In the IBM C-TOC I participated in cyber response challenge involving a fictitious international financial services organization called “Bane and Ox”. This organization has a cyber security team and so called “Fusion Centre” to manage cyber security incident response. This exercise started with an HR Onboarding briefing welcoming me into the team.

We then were then taken through an unfolding cyber incident and asked to respond to the events as they occurred with phone calls from the press, attempts to steal money via emails exploiting the situation, a ransom demand, physical danger to employees, customers claiming that their money is being stolen, a data leak and an attack on the bank’s ATMs. I then underwent a TV interview about the bank’s response to the event with hostile questioning by the news reporter, not a pleasant experience!

According to IBM, organizations need a clear statement of the “Commander’s Intent”. This is needed to ensure that everyone works together towards a common goal that everyone can understand when under pressure and making difficult decisions. IBM gave the example that the D Day Commander’s Intent statement was “Take the beach”.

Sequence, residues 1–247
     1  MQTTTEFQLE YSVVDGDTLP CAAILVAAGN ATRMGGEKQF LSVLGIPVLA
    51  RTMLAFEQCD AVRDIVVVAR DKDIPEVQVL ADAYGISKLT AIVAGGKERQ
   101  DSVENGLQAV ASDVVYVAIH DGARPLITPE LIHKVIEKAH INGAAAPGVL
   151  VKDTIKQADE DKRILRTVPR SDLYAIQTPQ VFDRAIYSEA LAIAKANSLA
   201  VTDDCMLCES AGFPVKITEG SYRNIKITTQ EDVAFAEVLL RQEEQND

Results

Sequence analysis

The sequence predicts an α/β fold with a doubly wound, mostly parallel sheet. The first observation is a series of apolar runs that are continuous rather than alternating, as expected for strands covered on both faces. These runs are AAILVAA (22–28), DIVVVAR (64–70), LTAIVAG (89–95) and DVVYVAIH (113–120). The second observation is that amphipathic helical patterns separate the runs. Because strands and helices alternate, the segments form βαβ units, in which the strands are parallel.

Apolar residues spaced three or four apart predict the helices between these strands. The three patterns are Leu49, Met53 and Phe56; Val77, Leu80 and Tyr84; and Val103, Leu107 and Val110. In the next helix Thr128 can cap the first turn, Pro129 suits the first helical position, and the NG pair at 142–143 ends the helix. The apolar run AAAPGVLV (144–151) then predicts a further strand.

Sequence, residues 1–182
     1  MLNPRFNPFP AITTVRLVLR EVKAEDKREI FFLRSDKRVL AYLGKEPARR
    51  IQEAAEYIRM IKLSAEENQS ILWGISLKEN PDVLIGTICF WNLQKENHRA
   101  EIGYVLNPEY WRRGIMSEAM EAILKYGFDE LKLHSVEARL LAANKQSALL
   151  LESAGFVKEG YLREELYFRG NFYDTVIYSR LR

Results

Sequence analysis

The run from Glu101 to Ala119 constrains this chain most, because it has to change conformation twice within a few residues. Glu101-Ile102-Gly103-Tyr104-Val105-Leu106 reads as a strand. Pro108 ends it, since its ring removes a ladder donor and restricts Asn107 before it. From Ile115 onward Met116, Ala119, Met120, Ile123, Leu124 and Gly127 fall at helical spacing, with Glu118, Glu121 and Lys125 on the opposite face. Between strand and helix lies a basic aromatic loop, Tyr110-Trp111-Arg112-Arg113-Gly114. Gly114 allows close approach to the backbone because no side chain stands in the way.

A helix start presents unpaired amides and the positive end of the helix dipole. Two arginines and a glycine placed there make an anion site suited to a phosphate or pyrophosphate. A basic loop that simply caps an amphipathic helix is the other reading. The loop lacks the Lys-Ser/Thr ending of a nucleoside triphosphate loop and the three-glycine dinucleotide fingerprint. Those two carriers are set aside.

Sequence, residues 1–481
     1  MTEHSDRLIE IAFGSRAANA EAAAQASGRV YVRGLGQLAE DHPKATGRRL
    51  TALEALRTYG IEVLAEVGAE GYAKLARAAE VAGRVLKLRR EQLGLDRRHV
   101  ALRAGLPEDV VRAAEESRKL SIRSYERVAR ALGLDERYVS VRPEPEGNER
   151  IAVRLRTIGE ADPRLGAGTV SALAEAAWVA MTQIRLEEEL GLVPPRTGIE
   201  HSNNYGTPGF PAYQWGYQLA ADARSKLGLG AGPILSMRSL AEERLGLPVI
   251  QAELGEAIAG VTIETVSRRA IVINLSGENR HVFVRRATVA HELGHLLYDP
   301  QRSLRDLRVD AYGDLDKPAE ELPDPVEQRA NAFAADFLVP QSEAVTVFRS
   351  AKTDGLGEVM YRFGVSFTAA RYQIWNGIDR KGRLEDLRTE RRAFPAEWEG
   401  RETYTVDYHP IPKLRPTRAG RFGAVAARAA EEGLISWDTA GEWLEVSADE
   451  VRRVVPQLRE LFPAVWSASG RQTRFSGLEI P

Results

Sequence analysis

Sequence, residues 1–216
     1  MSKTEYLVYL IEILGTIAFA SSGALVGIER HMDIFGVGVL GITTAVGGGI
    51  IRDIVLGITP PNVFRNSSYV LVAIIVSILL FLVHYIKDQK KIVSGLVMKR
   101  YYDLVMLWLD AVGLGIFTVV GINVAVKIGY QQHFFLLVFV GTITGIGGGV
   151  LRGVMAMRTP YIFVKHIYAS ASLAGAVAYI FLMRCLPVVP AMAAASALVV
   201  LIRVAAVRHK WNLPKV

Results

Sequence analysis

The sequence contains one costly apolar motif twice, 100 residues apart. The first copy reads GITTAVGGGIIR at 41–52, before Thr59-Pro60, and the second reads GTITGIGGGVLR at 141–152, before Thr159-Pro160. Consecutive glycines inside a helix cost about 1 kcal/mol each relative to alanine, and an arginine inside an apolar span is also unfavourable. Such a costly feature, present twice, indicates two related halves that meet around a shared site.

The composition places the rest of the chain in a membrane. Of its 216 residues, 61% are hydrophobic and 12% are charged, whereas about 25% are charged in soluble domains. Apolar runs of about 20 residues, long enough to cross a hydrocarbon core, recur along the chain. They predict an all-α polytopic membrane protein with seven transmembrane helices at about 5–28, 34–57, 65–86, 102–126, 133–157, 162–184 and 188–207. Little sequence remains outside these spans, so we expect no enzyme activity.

The next priority is to collect information. “The first call is the most important”. Whether it is from the press, a customer or an employee. You need to get the details, check the details and determine the credibility of the source.

You then need to implement a process to resolve where the problems lie and to take corrective action as well as to inform regulators and other people as necessary. This is not easy unless you have planned and prepared in advance. Everyone needs to know what they must do, and management cover is essential to ensure that resources and budget are available as needed. It may also be necessary to enable deviation from normal business processes.

Given the previously mentioned statistics on organizational preparedness for cyber incidents, many organizations need to take urgent action. The preparation needed involves the many parts of the organization not just IT, it must be supported at the board level and involve senior management. Sometimes the response will require faster decision making with the ability to bypass normal processes - only senior management can ensure that this is possible. An effective response need planning, preparation and above all practice.

KuppingerCole advice:

  • Obtain board level sponsorship for your incident response approach;
  • Identify the team of people / roles that must be involved in responding to an incident;
  • Ensure that it is clear what constitutes an incident and who can invoke the response plan;